Poll: Language a Barrier for Latinos in Schools

Hope Yen and Christine Armario, Google News, August 5, 2010

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With Hispanic enrollment surging in schools, many Spanish-speaking parents are having trouble helping their children with homework or communicating with U.S. teachers as English-immersion classes proliferate in K-12.

An Associated Press-Univision poll highlights the language and cultural obstacles for the nation’s Latinos, who lag behind others when it comes to graduating from high school.

The findings also raise questions about whether English-immersion does more to assimilate or isolate–a heated debate that has divided states, academics and even the U.S. Supreme Court. {snip}

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The nationwide poll, also sponsored by The Nielsen Company and Stanford University, found the vast majority of Hispanics–78 percent–had children enrolled in K-12 classes that were taught mostly in English, compared with 3 percent in Spanish.

Just 20 percent of mainly Spanish-speaking parents say they were able to communicate “extremely well” with their child’s school, compared with 35 percent of Hispanics who speak English fluently.

About 42 percent of the Spanish speakers said it was easy for them to help with their children’s schoolwork, compared with 59 percent of the Hispanics who speak English well.

Children of Spanish-dominant parents also were less likely to seek help with homework from their families. Fifty-seven percent of those parents said their children came to them with school questions. That’s compared with 80 percent for mainly English-speaking Hispanic parents, who also were more likely to send their children to relatives or friends for answers.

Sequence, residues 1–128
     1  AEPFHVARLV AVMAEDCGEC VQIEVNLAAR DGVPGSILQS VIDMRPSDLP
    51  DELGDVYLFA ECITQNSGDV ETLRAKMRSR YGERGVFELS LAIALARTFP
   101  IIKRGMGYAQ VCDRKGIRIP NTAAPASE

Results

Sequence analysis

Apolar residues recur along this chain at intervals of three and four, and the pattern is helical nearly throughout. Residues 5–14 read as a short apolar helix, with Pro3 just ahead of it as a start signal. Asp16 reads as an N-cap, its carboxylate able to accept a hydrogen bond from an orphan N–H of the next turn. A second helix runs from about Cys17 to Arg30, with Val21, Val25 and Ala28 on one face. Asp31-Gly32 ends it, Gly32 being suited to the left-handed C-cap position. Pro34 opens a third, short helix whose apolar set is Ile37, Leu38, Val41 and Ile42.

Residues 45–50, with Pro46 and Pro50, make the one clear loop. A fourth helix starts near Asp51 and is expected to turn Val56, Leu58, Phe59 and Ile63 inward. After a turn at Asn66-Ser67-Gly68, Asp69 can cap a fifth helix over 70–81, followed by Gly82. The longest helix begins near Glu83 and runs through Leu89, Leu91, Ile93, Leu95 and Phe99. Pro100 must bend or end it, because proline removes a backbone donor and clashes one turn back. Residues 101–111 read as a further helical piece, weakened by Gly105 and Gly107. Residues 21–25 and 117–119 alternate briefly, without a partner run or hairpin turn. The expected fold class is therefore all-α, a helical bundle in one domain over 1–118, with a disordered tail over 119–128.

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Roughly 1 in 5 people in the U.S. speaks a language other than English at home, with Hispanics representing the largest share, according to 2009 census data. Hispanics also now make up one-fourth of the nation’s kindergartners, part of a historic trend in which minorities are projected to become the new U.S. majority by midcentury.

Still, Hispanics are nearly three times as likely than the general U.S. population to drop out of high school, and half as likely to earn a bachelor’s degree.

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The Education Department also wants to devote an additional $50 million next year to promote English learning. Part of that will be used for research and development of “dual-language immersion,” a bilingual approach gaining favor among many linguists.

Dual-immersion is a shift from the direction of states such as California, Arizona and Massachusetts, where voters have largely banned bilingual classes. On a broader level, some 30 states and numerous localities have passed laws making English the official language, a move that critics say will lead to more cuts in bilingual programs.

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